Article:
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A guest post by Music Photographer Rick Bennett.
Some of my favorite photography subjects are musicians while they are performing. They tend to be having fun, they like the attention, and they’re challenging to capture well because of their environments. Capturing musicians in the wild can be tough and very rewarding.
Digital Photography School recently published 6 Tips for Budding Live Concert Photographers. One of the tips was to start out shooting friends’ bands in small clubs. I’m going to expand on that suggestion by writing a three part series on photographing bands in bars. In the first part, I’ll deal with equipment choices. In the second part, I’ll deal with set-up just prior to the performance. In the last, I’ll discuss shooting techniques.
The most obvious part of the equipment you’ll need is a camera, and your choice of camera can really make or break your final images. It should probably go without saying that a dSLR is almost certainly required, but there are some high end compacts that could fit the bill. At a minimum, the camera should either have a hot shoe or replaceable lenses. If the lenses aren’t replaceable, look for very fast built-in glass. It also needs the ability save images in RAW format since the color balance will likely be completely crazy from any stage lights. If you’re not familiar with RAW processing, its easy enough to convert your images to black and white, and those look cool too. Finally, your camera needs to give you the ability to choose your focus point and easily manually focus. Like I said, most standard dSLRs fit all of these requirements.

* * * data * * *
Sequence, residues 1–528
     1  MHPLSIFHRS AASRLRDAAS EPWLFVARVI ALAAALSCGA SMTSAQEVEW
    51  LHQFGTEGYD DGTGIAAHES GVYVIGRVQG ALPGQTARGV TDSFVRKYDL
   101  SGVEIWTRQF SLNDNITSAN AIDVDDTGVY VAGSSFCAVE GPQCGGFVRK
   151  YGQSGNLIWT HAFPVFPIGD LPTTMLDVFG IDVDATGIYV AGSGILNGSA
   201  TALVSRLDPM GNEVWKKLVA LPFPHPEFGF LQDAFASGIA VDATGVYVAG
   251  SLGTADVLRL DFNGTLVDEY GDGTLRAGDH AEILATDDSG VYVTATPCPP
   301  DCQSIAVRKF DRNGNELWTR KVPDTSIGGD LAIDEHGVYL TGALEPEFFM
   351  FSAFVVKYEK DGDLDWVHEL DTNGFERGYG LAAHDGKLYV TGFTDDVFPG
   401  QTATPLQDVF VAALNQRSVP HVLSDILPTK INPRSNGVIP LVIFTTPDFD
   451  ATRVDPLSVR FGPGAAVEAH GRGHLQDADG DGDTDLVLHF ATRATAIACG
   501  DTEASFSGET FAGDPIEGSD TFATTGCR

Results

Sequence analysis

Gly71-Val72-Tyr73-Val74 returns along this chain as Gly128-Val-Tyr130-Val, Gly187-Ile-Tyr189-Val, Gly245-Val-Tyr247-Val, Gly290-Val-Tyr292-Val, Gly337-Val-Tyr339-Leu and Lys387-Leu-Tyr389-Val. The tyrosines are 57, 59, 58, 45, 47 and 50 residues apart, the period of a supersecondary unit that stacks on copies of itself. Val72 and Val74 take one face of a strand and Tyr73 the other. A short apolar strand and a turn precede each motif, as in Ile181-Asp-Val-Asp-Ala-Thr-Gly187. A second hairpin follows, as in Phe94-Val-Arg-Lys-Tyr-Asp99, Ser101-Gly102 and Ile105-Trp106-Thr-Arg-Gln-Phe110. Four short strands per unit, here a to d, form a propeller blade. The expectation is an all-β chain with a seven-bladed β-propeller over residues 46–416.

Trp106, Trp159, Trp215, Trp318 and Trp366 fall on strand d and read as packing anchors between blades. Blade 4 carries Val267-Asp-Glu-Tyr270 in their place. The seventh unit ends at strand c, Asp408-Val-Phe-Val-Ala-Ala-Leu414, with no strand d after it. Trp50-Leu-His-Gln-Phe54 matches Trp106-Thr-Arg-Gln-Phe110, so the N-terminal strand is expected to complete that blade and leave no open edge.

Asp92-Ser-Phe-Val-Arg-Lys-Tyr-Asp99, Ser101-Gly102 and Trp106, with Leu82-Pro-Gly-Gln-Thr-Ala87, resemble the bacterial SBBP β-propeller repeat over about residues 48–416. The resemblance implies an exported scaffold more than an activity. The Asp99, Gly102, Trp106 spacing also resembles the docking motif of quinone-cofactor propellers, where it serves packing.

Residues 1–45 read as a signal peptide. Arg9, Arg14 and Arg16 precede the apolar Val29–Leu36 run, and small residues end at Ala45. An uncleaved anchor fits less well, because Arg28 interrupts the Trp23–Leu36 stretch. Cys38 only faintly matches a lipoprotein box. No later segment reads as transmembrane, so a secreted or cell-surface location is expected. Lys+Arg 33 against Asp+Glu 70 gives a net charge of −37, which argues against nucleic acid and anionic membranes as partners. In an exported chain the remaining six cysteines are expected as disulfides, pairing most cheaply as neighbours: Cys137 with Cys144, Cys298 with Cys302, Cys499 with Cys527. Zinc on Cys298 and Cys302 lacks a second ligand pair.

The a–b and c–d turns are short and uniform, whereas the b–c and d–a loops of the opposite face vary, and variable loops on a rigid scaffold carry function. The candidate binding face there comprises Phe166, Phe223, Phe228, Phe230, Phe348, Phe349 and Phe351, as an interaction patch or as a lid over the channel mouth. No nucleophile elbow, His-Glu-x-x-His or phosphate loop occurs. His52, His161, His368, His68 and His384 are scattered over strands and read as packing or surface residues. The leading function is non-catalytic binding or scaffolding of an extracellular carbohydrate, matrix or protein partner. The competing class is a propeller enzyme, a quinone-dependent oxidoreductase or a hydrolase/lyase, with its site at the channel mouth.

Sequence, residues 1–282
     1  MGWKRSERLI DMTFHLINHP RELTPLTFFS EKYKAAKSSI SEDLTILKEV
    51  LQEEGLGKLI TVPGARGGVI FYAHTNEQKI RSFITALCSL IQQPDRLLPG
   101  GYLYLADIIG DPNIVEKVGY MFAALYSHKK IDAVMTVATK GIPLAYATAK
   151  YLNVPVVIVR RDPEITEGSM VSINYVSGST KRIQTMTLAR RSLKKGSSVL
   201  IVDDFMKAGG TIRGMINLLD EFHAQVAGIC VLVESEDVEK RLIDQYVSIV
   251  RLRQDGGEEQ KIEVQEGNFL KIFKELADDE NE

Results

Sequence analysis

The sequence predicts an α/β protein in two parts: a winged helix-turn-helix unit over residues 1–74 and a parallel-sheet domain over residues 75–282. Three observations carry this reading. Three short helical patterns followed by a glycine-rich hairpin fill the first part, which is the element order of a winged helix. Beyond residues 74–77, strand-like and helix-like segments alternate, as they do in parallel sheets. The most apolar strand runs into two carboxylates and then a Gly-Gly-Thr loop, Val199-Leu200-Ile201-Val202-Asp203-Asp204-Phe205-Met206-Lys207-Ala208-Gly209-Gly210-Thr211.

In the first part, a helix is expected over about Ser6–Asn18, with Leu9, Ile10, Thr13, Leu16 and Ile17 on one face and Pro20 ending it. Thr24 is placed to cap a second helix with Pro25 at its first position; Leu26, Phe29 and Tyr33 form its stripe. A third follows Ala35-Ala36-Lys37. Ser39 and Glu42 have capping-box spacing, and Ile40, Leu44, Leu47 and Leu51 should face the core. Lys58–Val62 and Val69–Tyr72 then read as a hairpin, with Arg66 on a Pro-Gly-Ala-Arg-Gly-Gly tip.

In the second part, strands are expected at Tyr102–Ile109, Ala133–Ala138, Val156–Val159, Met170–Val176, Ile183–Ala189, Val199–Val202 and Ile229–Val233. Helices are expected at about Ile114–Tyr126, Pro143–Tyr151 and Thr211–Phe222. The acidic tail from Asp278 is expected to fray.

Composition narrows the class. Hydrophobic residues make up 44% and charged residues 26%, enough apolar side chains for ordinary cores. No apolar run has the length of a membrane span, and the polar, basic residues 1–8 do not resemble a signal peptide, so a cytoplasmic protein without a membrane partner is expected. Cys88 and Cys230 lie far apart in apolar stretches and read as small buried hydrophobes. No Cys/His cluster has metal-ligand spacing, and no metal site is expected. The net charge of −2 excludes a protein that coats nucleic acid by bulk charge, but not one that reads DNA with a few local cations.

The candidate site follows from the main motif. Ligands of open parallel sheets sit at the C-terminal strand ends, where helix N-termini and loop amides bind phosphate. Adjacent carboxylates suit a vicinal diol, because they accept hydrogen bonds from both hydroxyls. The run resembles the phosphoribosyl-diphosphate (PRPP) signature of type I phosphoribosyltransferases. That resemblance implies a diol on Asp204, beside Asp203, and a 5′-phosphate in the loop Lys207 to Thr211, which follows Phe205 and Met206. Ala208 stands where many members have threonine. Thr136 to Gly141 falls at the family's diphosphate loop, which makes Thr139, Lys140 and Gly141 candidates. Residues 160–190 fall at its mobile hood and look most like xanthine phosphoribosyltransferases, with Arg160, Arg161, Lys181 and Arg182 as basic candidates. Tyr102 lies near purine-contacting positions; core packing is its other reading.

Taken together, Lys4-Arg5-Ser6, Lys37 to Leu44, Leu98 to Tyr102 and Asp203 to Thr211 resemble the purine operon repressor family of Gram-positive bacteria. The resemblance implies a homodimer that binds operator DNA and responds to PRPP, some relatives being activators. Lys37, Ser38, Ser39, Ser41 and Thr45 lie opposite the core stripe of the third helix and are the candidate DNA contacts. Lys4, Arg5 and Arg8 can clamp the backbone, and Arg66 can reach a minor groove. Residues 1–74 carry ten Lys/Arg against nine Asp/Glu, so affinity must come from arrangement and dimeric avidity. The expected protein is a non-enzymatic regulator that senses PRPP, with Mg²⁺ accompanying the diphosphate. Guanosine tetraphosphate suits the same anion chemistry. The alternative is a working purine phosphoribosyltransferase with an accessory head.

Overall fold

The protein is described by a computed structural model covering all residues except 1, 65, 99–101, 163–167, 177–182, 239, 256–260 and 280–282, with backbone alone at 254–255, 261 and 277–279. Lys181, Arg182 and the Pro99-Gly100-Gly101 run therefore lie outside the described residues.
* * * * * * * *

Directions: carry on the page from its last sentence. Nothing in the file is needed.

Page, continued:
One consideration that’s more difficult to determine is low noise at high ISO. Don’t be fooled by the specs on the box: 1600 ISO on a Nikon D5000 is not the same as 1600 ISO on an Olympus E-620. For example, in one review the noise in a D5000 JPG at 3200 ISO is about the same as the noise in an E-620 JPG at 800 ISO. That’s a two stop difference that can change a 1/30s blurry shot into a usable 1/120s. Check the available reviews to make sure you’re getting a camera with the best high ISO performance in your price range. High quality at high ISO means you’ll be able to boost the ISO close to the max, meaning faster shutter speeds to help stop motion when using ambient light.
Next, you have a choice when starting out: either use off-camera flash or use fast (f/2.8 or better) lenses. At the low end the price is about the same: a decent manual flash + triggers + mounts can be just under $200 while a “Nifty Fifty” or the Jive Thirty Five are also under $200. As with everything photography, the prices only go up. The choice of off-camera flash vs. fast glass is a tough one. Flash can work in most situations but there are some venues where placement of a remote flash can be very challenging or even prohibited. Conversely, an f/1.8 50mm or 35mm lens captures a lot of light but the short focal length means you’ll be right in the performers’ faces, and some bars (at least in my town) don’t even bother to light the performance area. I started with off-camera flash, then acquired the Jive Thirty Five, and I’ve used them both during performances to capture different moods.